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Rolling and aerating

Discussion in 'Turf Renovation' started by PHS, Mar 4, 2008.

  1. PHS

    PHS LawnSite Senior Member
    Messages: 724

    I have a few lawns that have suffered from over watering in the past and as a consequence are rutted and divoted from mower wheels and foot traffic. They aren't very big areas, 2K-4K sqft. Later in the spring I was thinking about a selling these customers a 3 step process of renting a water filled lawn roller to flatten out turf area, following up with core aerating (to eleviate general compaction and that caused by rolling), and then topdressing. These are lower maintenance residential lawns.

    My question is if one of those hand rollers is heavy enough (approx. 250# , 24" wide) to do a decent job (assuming the soil is moist)?
  2. Lawncop26

    Lawncop26 LawnSite Member
    Messages: 90

    what shape is the lawn in now, besides what you have stated above? Is there a budget or price range you wish to stay within? Are these lawns in the same area?, I ask because there may be a drainage problem which should be addressed, I find it difficult to see how a sprinkler(assuming no irrigation) caused this damage. I dont think I would use a lawn roller, definately, aerate and topdress, maybe a little more heavy on the topdressing on the wheel marks and foot traffic. Got any pics?
  3. PHS

    PHS LawnSite Senior Member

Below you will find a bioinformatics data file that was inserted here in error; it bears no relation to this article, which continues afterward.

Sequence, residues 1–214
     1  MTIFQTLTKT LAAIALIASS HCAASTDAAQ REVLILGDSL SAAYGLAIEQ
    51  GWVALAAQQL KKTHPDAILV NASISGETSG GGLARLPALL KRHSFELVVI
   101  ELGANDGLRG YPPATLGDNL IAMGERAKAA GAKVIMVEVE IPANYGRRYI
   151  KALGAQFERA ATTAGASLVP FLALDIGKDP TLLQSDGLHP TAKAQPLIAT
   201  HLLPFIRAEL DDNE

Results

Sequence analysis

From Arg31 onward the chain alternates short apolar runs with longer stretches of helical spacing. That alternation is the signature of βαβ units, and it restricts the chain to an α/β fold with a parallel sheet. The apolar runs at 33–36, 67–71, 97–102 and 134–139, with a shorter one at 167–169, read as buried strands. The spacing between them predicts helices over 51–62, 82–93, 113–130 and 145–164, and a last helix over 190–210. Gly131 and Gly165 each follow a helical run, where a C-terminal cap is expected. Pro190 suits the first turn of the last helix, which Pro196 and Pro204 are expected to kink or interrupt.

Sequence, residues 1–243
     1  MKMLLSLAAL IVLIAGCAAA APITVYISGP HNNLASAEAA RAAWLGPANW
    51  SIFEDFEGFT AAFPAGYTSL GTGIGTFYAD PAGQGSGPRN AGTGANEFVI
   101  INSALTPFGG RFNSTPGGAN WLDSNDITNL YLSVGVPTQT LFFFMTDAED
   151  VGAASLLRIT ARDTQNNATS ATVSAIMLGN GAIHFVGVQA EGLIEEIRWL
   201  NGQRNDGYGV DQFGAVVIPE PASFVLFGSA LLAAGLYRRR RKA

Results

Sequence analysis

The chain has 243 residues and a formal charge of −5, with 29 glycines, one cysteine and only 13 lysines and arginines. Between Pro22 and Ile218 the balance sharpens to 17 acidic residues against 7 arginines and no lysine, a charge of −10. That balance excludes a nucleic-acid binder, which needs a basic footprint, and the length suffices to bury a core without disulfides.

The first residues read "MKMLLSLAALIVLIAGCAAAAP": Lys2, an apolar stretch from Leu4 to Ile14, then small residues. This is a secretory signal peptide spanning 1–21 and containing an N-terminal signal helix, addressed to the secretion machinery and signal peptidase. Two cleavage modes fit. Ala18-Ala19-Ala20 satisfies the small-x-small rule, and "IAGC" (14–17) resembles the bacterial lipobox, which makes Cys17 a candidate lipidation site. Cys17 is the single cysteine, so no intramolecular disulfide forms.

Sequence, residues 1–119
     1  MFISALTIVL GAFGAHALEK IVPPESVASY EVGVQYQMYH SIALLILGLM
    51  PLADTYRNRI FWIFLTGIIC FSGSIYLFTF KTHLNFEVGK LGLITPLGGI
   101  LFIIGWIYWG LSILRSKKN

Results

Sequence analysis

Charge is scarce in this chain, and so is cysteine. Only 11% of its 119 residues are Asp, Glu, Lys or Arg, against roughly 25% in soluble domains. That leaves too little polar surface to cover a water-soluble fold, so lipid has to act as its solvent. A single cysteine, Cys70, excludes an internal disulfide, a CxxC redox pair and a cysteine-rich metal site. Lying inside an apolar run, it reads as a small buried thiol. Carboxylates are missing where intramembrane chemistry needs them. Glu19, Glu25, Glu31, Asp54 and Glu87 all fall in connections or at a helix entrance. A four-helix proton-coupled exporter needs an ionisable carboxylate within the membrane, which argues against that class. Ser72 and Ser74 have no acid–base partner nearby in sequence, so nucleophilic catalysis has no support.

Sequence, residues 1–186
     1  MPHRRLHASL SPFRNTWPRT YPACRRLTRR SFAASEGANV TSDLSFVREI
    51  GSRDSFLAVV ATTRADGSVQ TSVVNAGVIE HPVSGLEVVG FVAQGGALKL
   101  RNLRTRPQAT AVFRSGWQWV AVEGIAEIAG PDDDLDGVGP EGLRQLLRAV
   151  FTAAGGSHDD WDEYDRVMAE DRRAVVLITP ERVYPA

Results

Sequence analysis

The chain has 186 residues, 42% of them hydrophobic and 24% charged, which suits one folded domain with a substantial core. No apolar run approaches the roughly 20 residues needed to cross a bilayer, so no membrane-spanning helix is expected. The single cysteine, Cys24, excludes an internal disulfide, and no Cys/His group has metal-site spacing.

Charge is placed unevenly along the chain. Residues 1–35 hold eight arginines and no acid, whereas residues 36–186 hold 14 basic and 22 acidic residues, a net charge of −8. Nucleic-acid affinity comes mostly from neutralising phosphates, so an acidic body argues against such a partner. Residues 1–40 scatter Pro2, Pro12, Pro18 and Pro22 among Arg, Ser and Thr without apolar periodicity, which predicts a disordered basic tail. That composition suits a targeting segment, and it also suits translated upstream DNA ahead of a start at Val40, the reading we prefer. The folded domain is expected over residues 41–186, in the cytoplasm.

Messages: 724

    I was just trying to give some background into what the site is like and these are newly aquired customers. We average 5" of rain per month year around so if you add 3 or 4 days per week of irrigation on top of that so it's prime for damage anytime you walk on it. To get the drainage rate to the point that it could accept that amount of water isn't really in the cards. I wouldn't call the soil poorly drained to begin with but there is surface compaction that needs to be addressed (aeration & topdressing). I don't have any pics but the ridges and divots that I want to flatten out are mostly an inch or less.

    I haven't discussed budgets with them but it's not high. These are just regular low-maintenance residential lawns. I do full-service landscape maintenance with them anyway and could probably get them to plunk down another $300 but nowhere near enough to do a full-scale renovation unless it was really necessary. I was thinking $75-$100 for each of the 3 services. That in combination with the changed; proper irrigation, proper mowing height, and the IPM services the lawn should respond nicely.
  4. turfcobob

    turfcobob LawnSite Senior Member
    Messages: 878

    PHS, Before you go to the rolling trouble and compact the lawn you may want to try aerating the lawn. Lots, multiple passes and then dragging the lawn. Use a keystone mat and it will move the cores into the low spots as it breaks them up. You may also try top dressing and dragging if the low spots are really bad. But several applications of multi-pass aeration and dragging will level most unruly lawns. I wouls use rolliing only as a very last resort due to the compaction.
  5. PSUturf

    PSUturf LawnSite Senior Member
    Messages: 663

    A lawn roller is usually not heavy enough to smooth out ruts in the lawn. A roller that is heavy enough would create some serious compaction. I would aerify and topdress the bad ruts.
  6. PHS

    PHS LawnSite Senior Member
    Messages: 724

    That makes sense. Thanks guys. I'll skip the rolling.

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